Preconceptions are so hard to dispel, especially when so many people are still out there perpetuating them. The most common, easily Googlable preconception about the flash narrative is that it needs to end in a twist. This might have been true for about 5 minutes in the 90s, but we quickly moved on. The literary flash narrative does not rely on a twist ending.
The literary flash narrative ends like a professional platform diver enters the water: perfectly, maybe subtly, assuredly with a gasp from the audience. There are consequences for the diver for under- or overshooting the entry: point reductions, pain, a broken back. For the flash writer, the consequences are less physical but equally disappointing.
As you read the example narratives from the SmokeLong archive, take out your own works in progress and give special attention to endings. For other “Five from the Archive” topics, simply CLICK HERE.
“Hatched” by Nicole Rivas
This story is one of my favorite SmokeLong stories. It’s also in Flash Fiction America, and you can hear Nicole read it during the SmokeLong Flash Fiction America reading HERE. “Hatched” is about a date gone horribly wrong. The rhythm of the final paragraph manages to bring the narrative to a halt while also moving on, out of the frame. Rivas does this cinematically, stretching the point of view of the narrator away from her date, leaving the date to pick through her possessions: or “what little remained of me.”
Writing Task: Look at one of your own works in progress. How can you end your story with a character leaving a precarious moment, stretching their point of view away from the situation, leaving all the questions open?
“Sky Like Concrete” by Mike Riess
What a miraculous thing Riess does at the end of this narrative about a complicated father/son relationship. Shifting point of view is a risky move, but Riess pulls it off masterfully. Similarly to Rivas’s ending, the ending of “Sky Like Concrete” is cinematic. You can imagine the camera rising from the accident, changing its point of view to the observer’s. Riess also uses repetition to urge the reader toward the ending, which manages to indicate a change in the father’s understanding of himself. It’s brilliant.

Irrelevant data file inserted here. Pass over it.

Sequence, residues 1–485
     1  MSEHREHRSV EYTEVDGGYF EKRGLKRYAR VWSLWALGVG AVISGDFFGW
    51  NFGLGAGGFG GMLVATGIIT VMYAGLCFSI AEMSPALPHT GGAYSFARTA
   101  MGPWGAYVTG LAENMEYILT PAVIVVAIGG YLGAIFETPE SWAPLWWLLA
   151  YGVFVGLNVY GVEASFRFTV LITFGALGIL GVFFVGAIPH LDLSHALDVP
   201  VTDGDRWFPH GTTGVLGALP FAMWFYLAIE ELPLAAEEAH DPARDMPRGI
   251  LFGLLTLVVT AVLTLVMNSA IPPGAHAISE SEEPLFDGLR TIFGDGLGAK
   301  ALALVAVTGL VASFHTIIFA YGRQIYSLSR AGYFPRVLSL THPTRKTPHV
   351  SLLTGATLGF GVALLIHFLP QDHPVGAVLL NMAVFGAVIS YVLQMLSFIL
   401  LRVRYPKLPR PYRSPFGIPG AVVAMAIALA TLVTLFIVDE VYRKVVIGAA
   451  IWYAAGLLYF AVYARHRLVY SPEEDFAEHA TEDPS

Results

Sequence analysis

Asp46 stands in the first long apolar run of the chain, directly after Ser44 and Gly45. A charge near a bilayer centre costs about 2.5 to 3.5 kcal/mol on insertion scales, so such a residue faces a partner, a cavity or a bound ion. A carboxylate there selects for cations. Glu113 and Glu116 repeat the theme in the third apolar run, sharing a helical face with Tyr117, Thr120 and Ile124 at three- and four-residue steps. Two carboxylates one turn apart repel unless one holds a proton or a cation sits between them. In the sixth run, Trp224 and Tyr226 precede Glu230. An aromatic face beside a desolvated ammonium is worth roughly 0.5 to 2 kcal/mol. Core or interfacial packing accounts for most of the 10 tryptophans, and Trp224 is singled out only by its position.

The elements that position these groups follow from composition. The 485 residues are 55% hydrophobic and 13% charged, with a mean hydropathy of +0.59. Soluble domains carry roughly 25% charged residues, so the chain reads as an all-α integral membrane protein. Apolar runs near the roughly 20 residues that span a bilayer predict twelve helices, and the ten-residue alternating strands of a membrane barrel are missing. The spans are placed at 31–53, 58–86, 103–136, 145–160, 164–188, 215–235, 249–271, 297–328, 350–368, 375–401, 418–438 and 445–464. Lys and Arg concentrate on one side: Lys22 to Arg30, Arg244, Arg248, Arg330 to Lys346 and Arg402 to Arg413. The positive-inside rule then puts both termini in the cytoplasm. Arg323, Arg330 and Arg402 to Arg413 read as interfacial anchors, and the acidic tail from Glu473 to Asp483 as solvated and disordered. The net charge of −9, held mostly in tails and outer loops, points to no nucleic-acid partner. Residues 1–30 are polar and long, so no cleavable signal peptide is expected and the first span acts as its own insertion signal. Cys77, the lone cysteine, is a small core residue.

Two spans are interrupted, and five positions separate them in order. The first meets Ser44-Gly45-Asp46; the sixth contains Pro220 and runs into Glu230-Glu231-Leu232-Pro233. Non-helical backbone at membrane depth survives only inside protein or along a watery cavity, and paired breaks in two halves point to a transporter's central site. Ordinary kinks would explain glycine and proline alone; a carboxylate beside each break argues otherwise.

Writing Task: Look at one of your own works in progress. How does your last paragraph urge your reader to the coda, to that last chord, to that last moment of the narrative? Would repetitive phrases, like those in the last few lines of “Sky Like Concrete” help your narrative build more gracefully toward this moment? Is it–in the end–satisfying?
“Satellite” by Elaine Edwards
“Satellite” is about Helen, who’s going to the moon, but it’s also about the narrator’s relationship to Helen. For most of the narrative, the narrator tells you what Helen thinks, but the ending shifts toward the narrator. The language is lush and lyrical and full of such honesty that by the time we get to the last couple of phrases we finally realize that this is all about the narrator’s fear of losing Helen.
Writing Task: Draft a narrative in which a narrator tells us about another character, so much so that it feels like a third-person narrative. In the final paragraph allow the narrator to turn inward, to let us into their relationship with the subject.
“Phase Changes” by Cami Park†
This modular story from 2005, possibly meant to be a triptych influenced by the three phases of water, is a good example of how modular flash stories can offer multiple endings or codettas. Park, who remains with us only through her stories, gives us three situations–the first two with hypothetical endings, the last more final–inviting readers to make their own associations among its parts.
Writing Task: Draft a modular flash narrative in which three situations are loosely–or tightly–associated structurally by their codettas (intermediate ending).
“Eating Stale Biscuits in the Middle of the Pacific Ocean” by Yume Kitasei
A catastrophe narrative. A tsunami has washed an entire village out into the Pacific ocean toward California. Of course we’re looking at this narrative because of its ending, but it also warrants multiple readings because of its layered, bizarre beauty. The ending asks (and then doesn’t really answer) a question: “Toe or Thumb? California?” The “character” asking the question is shark. I love this.
Writing Task: Draft a narrative in which the main character must ultimately make a difficult choice. You decide whether your ending resolves the character’s dilemma.
Other Narratives with Notable Endings from SmokeLong:
“We All Know About Margo” by Megan Pillow
“Mortality Event” by Hadiyyah Kuma
“Lobster” by Rachel Reeher
“Things I say to my son while he sleeps” by Hananah Zaheer
“Undergrowth” by Melissa Bowers
“Build-A-Bear” by Marne Litfin
“Dusk” by SJ Han
And so many more because flash endings are a thing.
Christopher Allen is the editor-in-chief and publisher of SmokeLong Quarterly. He is the author of the flash fiction collection Other Household Toxins, the satire Conversations with S. Teri O’Type, and over 100 works of fiction and nonfiction in good places like Booth, Split Lip Magazine, The Best Small Fictions, and Flash Fiction America (Norton). Allen has judged The Bridport Prize, The Bath Flash Fiction Award, and other flash competitions. He is a nomad.